• Dried flint corn hanging at Fat Pig Farm (Kitti Gould)Source: Kitti Gould
There are two ways to do it, one requires gadgets, the other just a sieve.
Camellia Ling Aebischer

30 Aug 2019 - 9:46 AM  UPDATED 2 Feb 2021 - 2:54 PM

--- You can watch all five seasons of Gourmet Farmer via SBS On Demand right now ---


Popcorn isn’t just the name of a crunchy movie snack – it’s also the corn variety namesake. Popcorn kernels are small, starchy and typically best for one thing: popping.

These misunderstood grains have had their corn potential overlooked for so long until someone somewhere realised they can do so much more. Plain old popcorn can join the ranks of polenta, cornbread and grits in your house with the help of a high powered blender and a little creativity.

There are two methods of turning this snack food into a dinner food – one takes the traditional polenta route and the other a more pop and strain method.

Grinding the grain

To make polenta using dried popcorn kernels, you’ll need some heavy-duty equipment. It’s a matter of grinding the grain, just like any other corn destined for cooking – except this time we’re not in a commercial corn mill.

If you’re lucky enough to own a fancy hand or electric grain grinder, then read no further. However, for us lowly folk who can only afford to grind coffee beans and spices, you could either use a high-powered blender, or plain old coffee/spice grinder to blitz those popcorn kernels into oblivion.

As expected, you might be grinding for a while if using a small spice grinder, and the pieces may end up a tad irregular. Whatever grinding implement (you can even use a mortar and pestle if you're eager), shake the final product through a large mesh sieve to remove any unpleasantly large corn chunks so you end up with a consistent cook.

After the grind, it’s pretty much standard polenta procedure from here on out. A slow blip on the stove, followed by a chunk of butter and healthy grating of cheese should do the trick.

Try this recipe
Matthew's soft polenta

You can use white polenta made from white corn, if you can find it, for a more subtle result. Use the polenta as an accompaniment to a ragu of some kind, or ossobuco. Italians have told me to only stir in one direction, but I’ve found that it has made no difference to the end result when I reverse the stirring to rest my arm.

Popping the corn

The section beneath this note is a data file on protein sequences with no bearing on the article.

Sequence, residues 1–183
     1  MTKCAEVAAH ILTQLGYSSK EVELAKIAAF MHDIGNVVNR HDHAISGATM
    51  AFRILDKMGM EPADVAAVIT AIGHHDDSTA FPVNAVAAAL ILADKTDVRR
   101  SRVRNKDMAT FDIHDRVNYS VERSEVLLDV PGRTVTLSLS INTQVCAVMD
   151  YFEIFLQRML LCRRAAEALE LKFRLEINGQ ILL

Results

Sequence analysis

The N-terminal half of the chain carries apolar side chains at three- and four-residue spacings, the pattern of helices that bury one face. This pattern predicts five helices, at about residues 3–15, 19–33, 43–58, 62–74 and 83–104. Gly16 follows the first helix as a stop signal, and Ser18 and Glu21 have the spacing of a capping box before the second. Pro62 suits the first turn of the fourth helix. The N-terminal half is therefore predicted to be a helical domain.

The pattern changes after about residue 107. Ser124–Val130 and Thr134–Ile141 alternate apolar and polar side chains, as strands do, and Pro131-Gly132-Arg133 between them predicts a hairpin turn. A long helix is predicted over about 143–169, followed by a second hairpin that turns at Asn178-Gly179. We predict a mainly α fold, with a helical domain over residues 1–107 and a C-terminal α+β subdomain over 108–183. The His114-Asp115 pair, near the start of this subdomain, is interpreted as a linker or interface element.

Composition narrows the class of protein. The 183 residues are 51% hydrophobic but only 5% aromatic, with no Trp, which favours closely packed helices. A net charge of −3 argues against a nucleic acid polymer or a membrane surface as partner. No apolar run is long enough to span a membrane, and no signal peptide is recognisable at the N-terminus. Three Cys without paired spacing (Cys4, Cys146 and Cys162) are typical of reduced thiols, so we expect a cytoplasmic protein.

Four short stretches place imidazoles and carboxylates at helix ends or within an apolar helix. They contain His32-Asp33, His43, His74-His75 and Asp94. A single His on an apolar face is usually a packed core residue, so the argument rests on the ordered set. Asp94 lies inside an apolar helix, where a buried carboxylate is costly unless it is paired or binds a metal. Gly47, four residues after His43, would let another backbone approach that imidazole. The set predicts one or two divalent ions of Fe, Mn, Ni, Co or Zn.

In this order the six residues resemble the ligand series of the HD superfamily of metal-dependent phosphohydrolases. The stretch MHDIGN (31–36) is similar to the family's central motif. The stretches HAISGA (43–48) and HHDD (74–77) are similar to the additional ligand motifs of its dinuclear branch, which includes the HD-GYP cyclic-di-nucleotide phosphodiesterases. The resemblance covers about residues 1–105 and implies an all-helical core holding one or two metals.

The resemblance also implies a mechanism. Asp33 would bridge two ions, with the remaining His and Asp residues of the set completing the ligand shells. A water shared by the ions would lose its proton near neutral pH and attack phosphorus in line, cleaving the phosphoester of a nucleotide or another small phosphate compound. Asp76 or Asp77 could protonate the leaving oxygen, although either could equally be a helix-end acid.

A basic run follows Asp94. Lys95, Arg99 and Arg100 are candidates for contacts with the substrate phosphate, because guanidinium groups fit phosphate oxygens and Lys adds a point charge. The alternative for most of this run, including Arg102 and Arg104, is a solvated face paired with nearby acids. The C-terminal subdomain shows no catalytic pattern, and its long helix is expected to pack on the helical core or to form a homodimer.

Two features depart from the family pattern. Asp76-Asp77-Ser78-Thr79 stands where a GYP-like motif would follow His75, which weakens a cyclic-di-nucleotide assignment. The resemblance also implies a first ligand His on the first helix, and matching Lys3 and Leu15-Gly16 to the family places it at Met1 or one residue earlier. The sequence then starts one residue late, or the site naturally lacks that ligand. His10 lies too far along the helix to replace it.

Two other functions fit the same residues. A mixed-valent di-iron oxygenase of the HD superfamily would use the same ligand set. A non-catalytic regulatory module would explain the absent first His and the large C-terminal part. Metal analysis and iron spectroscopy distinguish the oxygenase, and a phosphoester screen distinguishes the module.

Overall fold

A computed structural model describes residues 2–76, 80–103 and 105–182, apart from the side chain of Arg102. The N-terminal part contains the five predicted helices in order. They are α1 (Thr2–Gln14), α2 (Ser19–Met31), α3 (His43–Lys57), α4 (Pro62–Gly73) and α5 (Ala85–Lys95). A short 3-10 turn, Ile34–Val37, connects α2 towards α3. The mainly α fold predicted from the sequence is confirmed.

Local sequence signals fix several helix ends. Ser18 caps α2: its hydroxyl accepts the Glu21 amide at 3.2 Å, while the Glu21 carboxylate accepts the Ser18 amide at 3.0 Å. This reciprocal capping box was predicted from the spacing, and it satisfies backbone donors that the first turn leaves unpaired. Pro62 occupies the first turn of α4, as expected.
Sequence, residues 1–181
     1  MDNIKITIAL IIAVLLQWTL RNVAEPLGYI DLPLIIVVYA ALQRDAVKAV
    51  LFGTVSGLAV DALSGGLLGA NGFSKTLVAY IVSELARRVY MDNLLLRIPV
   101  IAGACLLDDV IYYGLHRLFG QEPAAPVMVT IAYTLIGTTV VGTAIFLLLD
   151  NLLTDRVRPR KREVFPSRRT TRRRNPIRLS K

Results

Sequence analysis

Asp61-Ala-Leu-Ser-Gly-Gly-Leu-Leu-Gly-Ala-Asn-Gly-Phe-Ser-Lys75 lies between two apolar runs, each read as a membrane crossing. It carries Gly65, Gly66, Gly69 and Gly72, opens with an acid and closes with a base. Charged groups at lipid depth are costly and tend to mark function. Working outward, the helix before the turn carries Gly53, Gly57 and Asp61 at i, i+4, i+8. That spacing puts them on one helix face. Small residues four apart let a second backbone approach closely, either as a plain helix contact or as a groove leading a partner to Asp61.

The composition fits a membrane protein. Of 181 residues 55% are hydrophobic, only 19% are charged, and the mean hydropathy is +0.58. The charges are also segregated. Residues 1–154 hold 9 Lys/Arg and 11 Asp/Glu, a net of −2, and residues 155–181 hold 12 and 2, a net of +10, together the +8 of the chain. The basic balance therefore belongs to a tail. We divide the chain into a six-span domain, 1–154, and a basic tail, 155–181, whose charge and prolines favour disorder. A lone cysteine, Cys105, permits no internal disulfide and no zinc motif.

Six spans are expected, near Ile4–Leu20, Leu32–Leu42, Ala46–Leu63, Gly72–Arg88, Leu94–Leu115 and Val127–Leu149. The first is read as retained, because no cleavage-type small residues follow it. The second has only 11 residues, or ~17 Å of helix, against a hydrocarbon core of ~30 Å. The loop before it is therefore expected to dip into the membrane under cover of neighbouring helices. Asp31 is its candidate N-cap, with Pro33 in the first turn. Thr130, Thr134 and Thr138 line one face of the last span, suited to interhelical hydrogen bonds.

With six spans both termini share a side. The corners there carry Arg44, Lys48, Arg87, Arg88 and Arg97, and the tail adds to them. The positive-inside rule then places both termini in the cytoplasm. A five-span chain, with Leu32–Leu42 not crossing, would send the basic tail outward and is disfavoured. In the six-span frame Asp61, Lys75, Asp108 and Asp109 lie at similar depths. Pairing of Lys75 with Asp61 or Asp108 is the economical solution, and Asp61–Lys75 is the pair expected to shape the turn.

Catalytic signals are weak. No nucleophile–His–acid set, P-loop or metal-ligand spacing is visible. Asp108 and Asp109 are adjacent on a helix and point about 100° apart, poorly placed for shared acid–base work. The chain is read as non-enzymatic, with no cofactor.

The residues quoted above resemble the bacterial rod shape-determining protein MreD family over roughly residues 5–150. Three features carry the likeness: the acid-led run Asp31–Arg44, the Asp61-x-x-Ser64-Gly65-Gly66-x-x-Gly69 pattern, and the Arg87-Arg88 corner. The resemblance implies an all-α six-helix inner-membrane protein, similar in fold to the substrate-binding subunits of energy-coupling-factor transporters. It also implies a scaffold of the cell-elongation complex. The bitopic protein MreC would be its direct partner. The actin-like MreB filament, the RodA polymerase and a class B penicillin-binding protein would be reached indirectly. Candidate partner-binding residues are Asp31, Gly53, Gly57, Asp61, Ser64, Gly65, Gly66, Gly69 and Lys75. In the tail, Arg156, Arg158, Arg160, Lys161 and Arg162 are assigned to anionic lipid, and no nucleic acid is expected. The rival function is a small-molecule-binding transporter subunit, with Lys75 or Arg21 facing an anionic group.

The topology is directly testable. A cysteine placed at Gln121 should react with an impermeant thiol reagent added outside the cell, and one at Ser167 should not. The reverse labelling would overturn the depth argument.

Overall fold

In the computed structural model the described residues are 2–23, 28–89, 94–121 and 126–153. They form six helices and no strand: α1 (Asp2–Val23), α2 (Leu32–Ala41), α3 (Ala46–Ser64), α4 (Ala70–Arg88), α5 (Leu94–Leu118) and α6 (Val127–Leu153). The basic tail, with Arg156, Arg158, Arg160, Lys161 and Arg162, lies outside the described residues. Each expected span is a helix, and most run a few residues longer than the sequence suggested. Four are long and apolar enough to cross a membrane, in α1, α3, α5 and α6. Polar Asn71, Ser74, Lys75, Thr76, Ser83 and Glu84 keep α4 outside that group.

Option B for creating popcorn polenta places a little more emphasis on the ‘pop’ part.

After popping the corn, blanch in boiling water in batches until softened. Once soft, pass through a large mesh sieve or medium strainer basket to remove husks. Then, thin as necessary with blanching liquid and season with salt, butter and cheese.

The pop method yields a softer, slightly less granular polenta dish, more similar to American grits. It is, however, said to have a stronger nutty flavour and distinct popcorn taste.

If you want to impress someone with polenta that tastes like popcorn, this is the best method.

Corn facts

Unfortunately though popcorn can be polenta, it doesn’t typically go both ways. The specific corn used for popcorn possesses characteristics that allow it to form the beloved snack. There are four main types of corn: popcorn, flint corn, dent corn and sweetcorn.

Flint corn can be popped, but can also be ground down for polenta or cornmeal, as demonstrated on Gourmet Farmer by Matthew Evans’ soft polenta recipe. Flint corn is also sometimes hung decoratively as it grows in a range of colours and can be commonly seen throughout autumn in North America.

Flint corn is picked dry, just like popcorn and its agricultural cousin dent corn. Dent corn earns its name from the dents in the tips of the kernels that form as the grain dries out (you may have seen it in bird or rodent feed mixes). It’s primarily used in animal feed and has a small role in food production.

Dent corn and its young eating cousin, sweetcorn, are un-poppable. Sweet corn contains high levels of sugar and soft starches and differs from all other corns in that it is picked fresh for our eating pleasure.

Visit the Gourmet Farmer website for recipes, the episode guide and more.

Creamy corn salad (esquites)

Everywhere in Mexico City there are food stands selling tacos and enchiladas. But my personal favourite are the ones that sell corn, including equites, or corn in a cup. It's juicy, sweet and salty.

Venezuelan corn bread (arepa)

You can have an arepa for breakfast, lunch or dinner: It's perfect with eggs in the morning, it makes an excellent gluten-free sandwich, and it's great as bread with a soup or a stew at night. 

Corn fritters

You know it will be a good day when you start it with these golden rays of fritter sunshine! Tailor them to your hunger levels with crispy bacon and an egg, or simply some fresh baby spinach and cherry tomatoes. 

Popcorn bags

Whether they're for a lunchbox or afternoon snack, party food or a movie-watching treat, these popcorn bags are quick and healthy. Try variations like cinnamon, choc-coconut and maple butter popcorn for flavour-filled fun.

Boiled corn (jagung katema)

This simple Indonesian recipe for corn, mung beans and pumpkin is teamed with a quick and easy chilli sauce for a fresh and fiery side dish.

Corn to corn chip: This is how the magic happens
From corn to chip, have you ever wondered how these moreish munchies come to life? Follow the trail of crumbs we've left behind...
Southern fried chicken with corn salad

The secret to Shane Delia's fried chicken is that sweet paprika coating. With a barbecued corn salad, this dish is where the texture, sweetness and smoky crunch all collide. #RecipeForLife

People are popping corn with their hair straightener and it's weird
The internet seldom disappoints when it comes to crazy viral trends. And the latest one is no different.